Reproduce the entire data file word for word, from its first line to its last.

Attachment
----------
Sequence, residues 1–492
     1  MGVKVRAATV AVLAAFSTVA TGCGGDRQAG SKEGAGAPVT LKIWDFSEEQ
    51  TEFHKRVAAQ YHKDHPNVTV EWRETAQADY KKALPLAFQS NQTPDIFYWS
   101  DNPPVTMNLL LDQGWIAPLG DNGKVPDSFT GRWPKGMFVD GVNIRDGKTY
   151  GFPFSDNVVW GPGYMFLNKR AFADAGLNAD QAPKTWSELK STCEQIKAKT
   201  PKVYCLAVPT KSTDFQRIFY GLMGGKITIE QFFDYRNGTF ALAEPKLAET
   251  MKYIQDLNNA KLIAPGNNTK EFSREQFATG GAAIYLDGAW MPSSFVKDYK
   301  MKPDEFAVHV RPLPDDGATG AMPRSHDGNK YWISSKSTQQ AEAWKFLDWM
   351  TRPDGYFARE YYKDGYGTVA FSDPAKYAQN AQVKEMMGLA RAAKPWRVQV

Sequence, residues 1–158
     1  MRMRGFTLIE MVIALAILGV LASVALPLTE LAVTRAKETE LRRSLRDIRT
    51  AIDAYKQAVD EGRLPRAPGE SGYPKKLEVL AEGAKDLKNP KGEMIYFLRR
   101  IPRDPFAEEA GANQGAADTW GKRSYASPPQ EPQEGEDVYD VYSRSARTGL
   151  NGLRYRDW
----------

Sequence, residues 1–492
     1  MGVKVRAATV AVLAAFSTVA TGCGGDRQAG SKEGAGAPVT LKIWDFSEEQ
    51  TEFHKRVAAQ YHKDHPNVTV EWRETAQADY KKALPLAFQS NQTPDIFYWS
   101  DNPPVTMNLL LDQGWIAPLG DNGKVPDSFT GRWPKGMFVD GVNIRDGKTY
   151  GFPFSDNVVW GPGYMFLNKR AFADAGLNAD QAPKTWSELK STCEQIKAKT
   201  PKVYCLAVPT KSTDFQRIFY GLMGGKITIE QFFDYRNGTF ALAEPKLAET
   251  MKYIQDLNNA KLIAPGNNTK EFSREQFATG GAAIYLDGAW MPSSFVKDYK
   301  MKPDEFAVHV RPLPDDGATG AMPRSHDGNK YWISSKSTQQ AEAWKFLDWM
   351  TRPDGYFARE YYKDGYGTVA FSDPAKYAQN AQVKEMMGLA RAAKPWRVQV

Sequence, residues 1–158
     1  MRMRGFTLIE MVIALAILGV LASVALPLTE LAVTRAKETE LRRSLRDIRT
    51  AIDAYKQAVD EGRLPRAPGE SGYPKKLEVL AEGAKDLKNP KGEMIYFLRR
   101  IPRDPFAEEA GANQGAADTW GKRSYASPPQ EPQEGEDVYD VYSRSARTGL
   151  NGLRYRDW